Samsung QLED 4K HDR TVs Get Formal Unveiling and They’re Awesome as Expected

by on January 4, 2017

Stephan Jukic – January 4, 2017

Yesterday we covered all of the specs rumors and evidence around the new Quantum Dot/QLED 4K HDR premium TVs that Samsung was expected to unveil at CES 2017 as successors to the superb 2016 SUHD lineup.

Well now the QLED TVs –as they’re formally called—have been formally unveiled and they do indeed offer almost everything we predicted they’d come with and more. What’s more, it’s the little details about these new 2017 4K TV models that do a lot to make them better than their predecessors even if the QLEDs aren’t absolutely revolutionary in their changes.

First, yes, many of the new QLED televsions are curved just like the SUHD models and secondly, yes many of them still come with edge-lit backlighting arrays. Now, moving into their deeper details and starting with their display chops, one of the key pieces of information from a supposed Samsung source about the expected performance of the QLED models was a statement that the new televisions would offer 50% better performance than their 2016 SUHD cousins. We predicted that this performance would almost entirely be confined to the peak brightness capacity of the new premium models and that other specs such as HDR color capability would see only marginal improvements.

Well sure enough, with a peak brightness capacity of between 1500 and 2000 cd/m2 or nits, the QLED models definitely outdo their 2016 cousins by a very wide margin while their DCI-P3 color coverage for HDR color, which Samsung is claiming to reach 99%, only moderately outdoes the 92 to 95% DCI-P3 color space coverage of the 2016 SUHD TVs.


The new models, which come in several series denominated as the Q9, Q8 and Q7 sets, make use of a new and considerably refined quantum dot technology that relies on metal quantum dot nano-particles to deliver their moderately wider color gamut coverage. What the metal quantum dots in the new TVs also do is allow these models to render full color volume and saturation even if their peak brightness is dialed up the very high maximum they’re capable of. This is one enhancement over the 2016 SUHD models, which lost a bit of color saturation at maximum HDR display brightness settings.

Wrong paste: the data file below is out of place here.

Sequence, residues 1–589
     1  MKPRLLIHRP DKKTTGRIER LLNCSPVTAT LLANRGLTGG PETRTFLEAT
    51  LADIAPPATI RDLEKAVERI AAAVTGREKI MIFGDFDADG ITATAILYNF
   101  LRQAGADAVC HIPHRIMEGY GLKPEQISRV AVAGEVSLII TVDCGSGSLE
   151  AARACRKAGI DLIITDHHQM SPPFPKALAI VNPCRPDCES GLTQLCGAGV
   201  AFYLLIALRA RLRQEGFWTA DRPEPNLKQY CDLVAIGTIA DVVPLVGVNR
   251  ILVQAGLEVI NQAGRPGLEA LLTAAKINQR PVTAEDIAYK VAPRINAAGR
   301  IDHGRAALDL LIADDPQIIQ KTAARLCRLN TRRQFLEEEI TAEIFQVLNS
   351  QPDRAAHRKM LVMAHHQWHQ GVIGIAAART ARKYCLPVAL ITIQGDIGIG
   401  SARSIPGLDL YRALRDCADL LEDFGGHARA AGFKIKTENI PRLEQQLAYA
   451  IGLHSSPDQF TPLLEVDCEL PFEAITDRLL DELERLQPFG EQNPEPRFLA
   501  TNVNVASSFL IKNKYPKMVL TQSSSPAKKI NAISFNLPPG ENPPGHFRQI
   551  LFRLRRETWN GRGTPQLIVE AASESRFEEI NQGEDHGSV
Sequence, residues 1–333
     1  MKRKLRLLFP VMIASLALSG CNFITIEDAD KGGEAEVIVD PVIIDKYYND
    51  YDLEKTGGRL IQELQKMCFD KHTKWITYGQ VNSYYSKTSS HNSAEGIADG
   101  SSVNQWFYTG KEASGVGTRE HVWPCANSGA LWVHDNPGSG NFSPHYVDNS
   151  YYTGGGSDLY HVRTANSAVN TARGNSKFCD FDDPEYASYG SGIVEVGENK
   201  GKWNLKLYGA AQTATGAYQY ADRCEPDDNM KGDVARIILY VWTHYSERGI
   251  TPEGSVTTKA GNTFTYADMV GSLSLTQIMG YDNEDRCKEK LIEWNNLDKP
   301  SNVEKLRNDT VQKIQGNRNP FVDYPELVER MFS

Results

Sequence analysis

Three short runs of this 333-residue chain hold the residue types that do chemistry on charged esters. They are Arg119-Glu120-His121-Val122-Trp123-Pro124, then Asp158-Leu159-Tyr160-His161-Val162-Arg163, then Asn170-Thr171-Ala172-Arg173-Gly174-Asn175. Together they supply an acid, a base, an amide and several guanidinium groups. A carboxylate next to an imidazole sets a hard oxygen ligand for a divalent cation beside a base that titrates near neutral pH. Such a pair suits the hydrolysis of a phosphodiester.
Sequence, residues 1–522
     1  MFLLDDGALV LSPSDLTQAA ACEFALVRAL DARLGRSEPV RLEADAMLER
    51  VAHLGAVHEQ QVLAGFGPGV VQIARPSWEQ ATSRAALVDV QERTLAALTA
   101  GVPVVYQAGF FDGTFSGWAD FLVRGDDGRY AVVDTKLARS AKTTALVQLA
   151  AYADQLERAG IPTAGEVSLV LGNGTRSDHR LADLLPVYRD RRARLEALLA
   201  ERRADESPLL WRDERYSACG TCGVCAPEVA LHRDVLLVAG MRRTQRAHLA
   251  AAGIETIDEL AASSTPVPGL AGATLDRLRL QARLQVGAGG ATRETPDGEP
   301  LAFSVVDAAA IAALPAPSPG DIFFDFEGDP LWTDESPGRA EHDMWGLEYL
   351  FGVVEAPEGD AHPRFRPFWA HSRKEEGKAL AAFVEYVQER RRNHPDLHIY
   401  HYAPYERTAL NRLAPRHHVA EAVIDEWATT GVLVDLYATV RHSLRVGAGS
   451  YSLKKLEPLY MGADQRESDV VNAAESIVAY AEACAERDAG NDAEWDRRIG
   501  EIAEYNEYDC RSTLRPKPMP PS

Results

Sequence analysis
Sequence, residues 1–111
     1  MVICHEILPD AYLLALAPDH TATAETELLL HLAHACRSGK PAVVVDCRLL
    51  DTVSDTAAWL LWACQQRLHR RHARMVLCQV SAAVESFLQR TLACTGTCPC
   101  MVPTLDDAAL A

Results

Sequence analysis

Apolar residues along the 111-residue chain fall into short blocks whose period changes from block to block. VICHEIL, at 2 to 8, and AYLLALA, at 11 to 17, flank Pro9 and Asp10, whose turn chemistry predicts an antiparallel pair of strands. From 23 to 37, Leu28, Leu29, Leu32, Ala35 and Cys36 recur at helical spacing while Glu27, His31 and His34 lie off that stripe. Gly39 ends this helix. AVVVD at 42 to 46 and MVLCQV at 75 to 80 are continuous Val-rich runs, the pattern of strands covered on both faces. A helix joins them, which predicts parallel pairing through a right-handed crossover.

What’s more, the new quantum dot technology reportedly allows the QLED lineup to deliver even deeper, richer blacks than were possible with their 2016 or older cousins and as a result these LCD TVs offer a black level that comes closer than ever before at imitating the perfect blacks of OLED display in an LCD/LED panel. While we can’t yet say for sure how deep the black levels of the QLEDs actually go without performing concrete measurements on a review model, the black levels on display in the QLEDs at CES 2017 in Vegas definitely show off some of the best black levels we’ve ever seen in an LCD TV at a glance. However, we still don’t consider it to be the OLED-like “perfect black” that Samsung is promising.

Another truly remarkable achievement that the new QLED TVs pull off is the deliver yof some extraordinarily broad high fidelity viewing angles. Possibly thanks to their metal quantum dot structure and possibly thanks to some truly sophisticated new LED/LCD panel reworking which takes advantage of said quantum dots in new ways, the QLED TVs at CES seem to offer viewing angles that conserve nearly perfect color and contrast quality even way off center. They pull this off in a way that even OLED has a hard time rivaling and that’s one very impressive thing to see in an LCD 4K TV which still manages to deliver deep blacks at the same time. (Most wide viewing angle LCD TVs pull this off by using IPS display and in the process lose a tremendous amount of contrast and black level capability).


Then there are the non-display improvements that Samsung has built into its newest premium lineup of 4K HDR TVs. For starters, there is a new connectivity configuration built into the QLED models. This relies on an “Invisible Connection” fiber optic cable which connects to an external box that houses all of the QLED TVs’ other major inputs for HDMI, USB and so forth. The overall effect of this is to produce a much lower cable clutter level when one of the TVs is mounted to a wall or sitting in a living room. In addition to this effort at smoother, more elegant design, Samsung has given the QLED TVs what it calls a “no-gap wall mount”, which allows for seamless mounting to a wall since the hardware that holds the TV in place is concealed inside the back of a QLED television and also designed to allow for easy tilting of the display as well automatic levelling.

In other words, the 2017 QLED Samsung TVs are showing themselves to be true stunners that are virtually guaranteed to make consumers fall in love in 2017, when they go on sale at some point in March.

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